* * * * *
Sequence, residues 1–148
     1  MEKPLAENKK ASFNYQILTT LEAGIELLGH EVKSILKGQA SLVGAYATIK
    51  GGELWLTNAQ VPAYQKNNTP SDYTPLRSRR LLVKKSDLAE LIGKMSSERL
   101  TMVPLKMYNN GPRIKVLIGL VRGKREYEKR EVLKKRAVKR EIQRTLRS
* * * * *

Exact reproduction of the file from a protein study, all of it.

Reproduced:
Sequence, residues 1–148
     1  MEKPLAENKK ASFNYQILTT LEAGIELLGH EVKSILKGQA SLVGAYATIK
    51  GGELWLTNAQ VPAYQKNNTP SDYTPLRSRR LLVKKSDLAE LIGKMSSERL
   101  TMVPLKMYNN GPRIKVLIGL VRGKREYEKR EVLKKRAVKR EIQRTLRS